Sen's Sensibility | The Nation


Sen's Sensibility

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World food production, Sen shows, has more than surpassed the amount needed for a population whose rate of growth is declining dramatically just about everywhere. Many people (1.3 billion by one count) are hungry because they do not command enough economic power to obtain food, either by growing or buying it. In fact, Sen makes an extraordinary but persuasive assertion: World food production would increase even more if those more than 1 billion poor had more purchasing power, because they would bid up prices and stimulate even greater supply.

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James North
James North has reported from Africa, Latin America and Asia for four decades. He lives in New York City and tweets at...

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Sen has also been influential in studying gender and economic development. He is best known in this area for his thesis of the "missing women." In the West, women outnumber men by a ratio of about 105 to 100. In sub-Saharan Africa, Latin America and Southeast Asia, the ratio still favors women, but by smaller margins. He explains that these ratios are normal, because there is strong evidence that women survive slightly longer than men, given equal care.

But in other parts of Asia, like China and much of India, and in North Africa, males outnumber females. In Pakistan, for instance, the ratio is as bad as 100 men to ninety women. The places with fewer females coincide with areas where the status of women is particularly low, because of a combination of historic, economic and cultural factors. Sen contends that more than 100 million women are "missing" and that occasional accounts of female infanticide are not enough of an explanation. He asserts that "the main culprit would seem to be the comparative neglect of female health and nutrition especially--but not exclusively--during childhood."

Amartya Sen's insights about famine and female deprivation helped him come up with his concept of a person's "capabilities"--by which he means "the substantive freedoms he or she enjoys to lead the kind of life he or she has reason to value." At various places Sen describes these freedoms, which include the ability to acquire sufficient food, freedom from disease and ill treatment, access to education, freedom from social exclusion, freedom to participate in the life of the community, freedom from unemployment. He even cites Adam Smith (who Sen says is not the cold, one-dimensional economic man that today's Smithians revere) as insisting on a person's right to clothing that will allow him to appear in public without shame.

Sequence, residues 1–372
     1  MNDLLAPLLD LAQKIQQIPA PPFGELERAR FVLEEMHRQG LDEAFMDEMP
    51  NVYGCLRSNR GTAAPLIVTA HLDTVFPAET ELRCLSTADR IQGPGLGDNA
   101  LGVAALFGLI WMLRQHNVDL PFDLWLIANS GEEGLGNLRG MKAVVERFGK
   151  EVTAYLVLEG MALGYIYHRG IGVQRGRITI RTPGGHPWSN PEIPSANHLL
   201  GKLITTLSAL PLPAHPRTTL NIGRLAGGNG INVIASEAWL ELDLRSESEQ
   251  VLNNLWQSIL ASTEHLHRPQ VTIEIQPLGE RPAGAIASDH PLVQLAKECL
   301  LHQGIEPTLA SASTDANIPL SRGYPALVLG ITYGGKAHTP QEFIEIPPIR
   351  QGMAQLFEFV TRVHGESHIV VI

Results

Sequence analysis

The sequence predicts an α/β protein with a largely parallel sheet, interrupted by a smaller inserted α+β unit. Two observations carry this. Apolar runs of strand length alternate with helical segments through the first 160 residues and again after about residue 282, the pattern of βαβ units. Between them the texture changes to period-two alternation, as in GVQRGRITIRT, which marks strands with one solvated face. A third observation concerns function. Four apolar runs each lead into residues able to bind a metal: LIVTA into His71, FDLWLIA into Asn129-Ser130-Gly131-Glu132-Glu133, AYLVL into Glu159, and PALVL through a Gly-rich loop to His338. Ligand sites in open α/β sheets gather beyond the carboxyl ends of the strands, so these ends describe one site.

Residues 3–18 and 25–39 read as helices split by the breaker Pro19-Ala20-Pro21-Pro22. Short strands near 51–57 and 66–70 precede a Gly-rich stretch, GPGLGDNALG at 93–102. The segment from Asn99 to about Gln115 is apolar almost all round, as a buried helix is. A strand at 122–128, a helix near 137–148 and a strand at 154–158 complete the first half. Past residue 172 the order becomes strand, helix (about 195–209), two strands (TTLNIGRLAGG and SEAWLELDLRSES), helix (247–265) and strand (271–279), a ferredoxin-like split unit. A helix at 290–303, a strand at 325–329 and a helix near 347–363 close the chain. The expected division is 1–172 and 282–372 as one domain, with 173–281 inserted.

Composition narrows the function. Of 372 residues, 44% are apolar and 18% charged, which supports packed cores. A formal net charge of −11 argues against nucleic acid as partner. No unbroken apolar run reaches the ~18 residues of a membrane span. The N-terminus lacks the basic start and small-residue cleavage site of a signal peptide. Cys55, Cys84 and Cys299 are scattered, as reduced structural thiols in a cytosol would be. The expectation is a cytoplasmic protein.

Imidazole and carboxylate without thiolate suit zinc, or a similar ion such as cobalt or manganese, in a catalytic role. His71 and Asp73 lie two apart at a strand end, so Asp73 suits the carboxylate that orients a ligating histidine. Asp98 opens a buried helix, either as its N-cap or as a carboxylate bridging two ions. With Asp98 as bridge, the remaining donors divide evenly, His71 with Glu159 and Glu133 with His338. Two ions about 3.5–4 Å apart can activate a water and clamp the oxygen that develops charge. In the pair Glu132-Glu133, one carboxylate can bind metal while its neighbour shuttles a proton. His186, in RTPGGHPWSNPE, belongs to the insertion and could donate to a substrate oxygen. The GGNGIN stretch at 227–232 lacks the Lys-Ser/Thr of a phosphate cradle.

Sen's list of freedoms is broad and somewhat fuzzy, probably necessarily so, because he is trying to recognize human complexity instead of focusing on a single variable, like income, or a subjective indicator, like a person's sense of his or her own well-being. The capability concept is particularly useful because it helps capture both a sense of potential and of unnecessary loss. Those landless laborers who died in Bangladesh in the 1974 famine did not have the freedom to find work to sustain themselves and their families--although there was more than enough food for them. Those little girls who are dying in South Asia are not free enough from disease and malnutrition to choose the kind of lives they might have had--although boys in even the same families have slightly more freedom to survive.

The capability concept also applies to my Chilean friend Maria Eugenia Gamboa. Maru may be happy, much of the time, but she has not been free. She lived (for seventeen years) under a military dictatorship that prevented her from organizing with others to work less than seventy-two hours a week for more than $50 a month.

Amartya Sen characterizes freedom as a primary value, not just as a means to achieve some other end. So Maria Eugenia Gamboa also did not, for instance, have the freedom to openly play cassette tapes by Victor Jara, the great Chilean folk singer whom the Pinochet dictatorship executed just after the 1973 coup. Instead, she and her neighbors hid inside on the nights when the military patrols hissed down their unpaved streets. Thus, even if her income had not grown, Sen recognizes, she would have had more freedom if she had been able to play those tapes without fear--and he refuses to say that one dimension of freedom is more important than another.

Sen also tries to take account of the role of psychological adjustment, particularly among the most deprived. Simply to use Maru's frame of mind as a guide is insufficient; like any of us, she would bring her day-to-day expectations into line with reality, never considering, for instance, telling strangers what she really thought of General Pinochet. So, all along, she had been robbed of fulfilling her capability to be a free, outspoken member of a society, a citizen among citizens. And she also had the capability to be a wife and mother herself, but she was not free to experience it due to the harsh economic environment. Sen's struggle over the years with the complexities of freedom in the lives of real people is attracting a growing number of economists and philosophers to the search.

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